Often the consequences of a limp non-playing arm aren’t apparent as they affect your ability to recover from a shot – meaning it doesn’t so much affect the shot you are doing as much as it does the next shot. And then, rather than blaming the slow recovery on the lack of balance and fixing the problem, they call out, “I’m too slow!”

There are really three things about the non-playing arm you should focus on.

  • Keep the arm and hand up in your ready position for balance, making it easier to make quick starts, using the arm as a counter-balance.
  • It should be used as a counter-balance to your playing arm while rallying. This is especially true when making big forehand shots, but also true on big backhand shots if you turn sideways. It’s also used as a counter-balance when reaching in for short balls to the forehand.
  • When making big forehand shots, where the body is rotating in roughly a circle, not only is your playing arm side moving forward, but the non-playing arm side should be moving backwards – so you should essentially be pulling back with that arm, adding to your power.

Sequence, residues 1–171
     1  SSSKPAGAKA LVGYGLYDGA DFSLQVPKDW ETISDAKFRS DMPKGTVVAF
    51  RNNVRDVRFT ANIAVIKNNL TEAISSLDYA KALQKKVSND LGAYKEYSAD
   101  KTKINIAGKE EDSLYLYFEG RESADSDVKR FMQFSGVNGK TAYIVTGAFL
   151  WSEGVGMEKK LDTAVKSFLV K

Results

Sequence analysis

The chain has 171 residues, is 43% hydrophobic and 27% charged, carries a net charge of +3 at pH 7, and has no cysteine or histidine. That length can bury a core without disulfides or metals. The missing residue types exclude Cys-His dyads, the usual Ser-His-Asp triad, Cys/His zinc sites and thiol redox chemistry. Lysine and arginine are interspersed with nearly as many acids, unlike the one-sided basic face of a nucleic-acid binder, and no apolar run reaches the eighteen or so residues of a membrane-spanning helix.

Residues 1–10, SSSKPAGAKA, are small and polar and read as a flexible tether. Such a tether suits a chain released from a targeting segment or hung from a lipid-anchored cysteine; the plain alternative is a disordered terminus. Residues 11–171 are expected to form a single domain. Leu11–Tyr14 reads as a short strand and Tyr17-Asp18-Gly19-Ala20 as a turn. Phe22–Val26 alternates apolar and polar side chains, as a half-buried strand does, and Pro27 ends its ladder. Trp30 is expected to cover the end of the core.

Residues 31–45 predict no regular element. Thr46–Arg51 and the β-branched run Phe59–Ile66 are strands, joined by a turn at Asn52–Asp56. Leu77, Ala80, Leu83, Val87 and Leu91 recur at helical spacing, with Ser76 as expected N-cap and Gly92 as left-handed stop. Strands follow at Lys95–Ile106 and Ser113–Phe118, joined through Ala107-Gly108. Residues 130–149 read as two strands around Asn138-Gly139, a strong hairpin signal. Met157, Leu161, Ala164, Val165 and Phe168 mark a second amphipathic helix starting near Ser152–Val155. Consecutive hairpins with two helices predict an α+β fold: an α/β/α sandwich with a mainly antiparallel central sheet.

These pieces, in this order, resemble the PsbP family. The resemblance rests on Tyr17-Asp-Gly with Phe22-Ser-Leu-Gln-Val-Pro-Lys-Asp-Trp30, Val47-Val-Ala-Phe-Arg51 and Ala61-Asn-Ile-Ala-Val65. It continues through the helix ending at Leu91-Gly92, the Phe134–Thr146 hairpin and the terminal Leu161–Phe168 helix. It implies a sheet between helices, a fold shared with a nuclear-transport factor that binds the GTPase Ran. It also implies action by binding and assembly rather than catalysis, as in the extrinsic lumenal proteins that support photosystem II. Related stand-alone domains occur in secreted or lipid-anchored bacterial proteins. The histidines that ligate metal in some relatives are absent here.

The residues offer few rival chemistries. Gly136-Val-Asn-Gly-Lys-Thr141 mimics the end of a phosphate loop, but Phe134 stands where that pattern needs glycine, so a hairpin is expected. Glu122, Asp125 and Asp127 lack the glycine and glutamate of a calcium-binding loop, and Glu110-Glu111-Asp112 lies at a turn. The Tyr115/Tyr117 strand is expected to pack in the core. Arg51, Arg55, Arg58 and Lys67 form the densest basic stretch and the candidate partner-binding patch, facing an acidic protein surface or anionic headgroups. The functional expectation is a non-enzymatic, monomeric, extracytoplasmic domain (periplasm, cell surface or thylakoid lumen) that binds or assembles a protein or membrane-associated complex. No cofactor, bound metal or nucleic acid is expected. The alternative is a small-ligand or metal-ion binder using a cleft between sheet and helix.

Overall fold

November 20, 2017 - Three Simple Side-to-Side Drills

Monday, November 20, 2017
by: Larry Hodges

Most table tennis movement is side-to-side, and so you need to practice this a lot. Here are three drills you should be doing - but only do the second when you are proficient with the first, and only do the third when you are proficient with the second. At all levels you should do all three, even the more basic first one - just do it faster and quicker. All three drills can be done either with a partner, where you return each shot to the same spot (partner's forehand or backhand - most often it's the backhand), or with a partner or coach feeding multiball.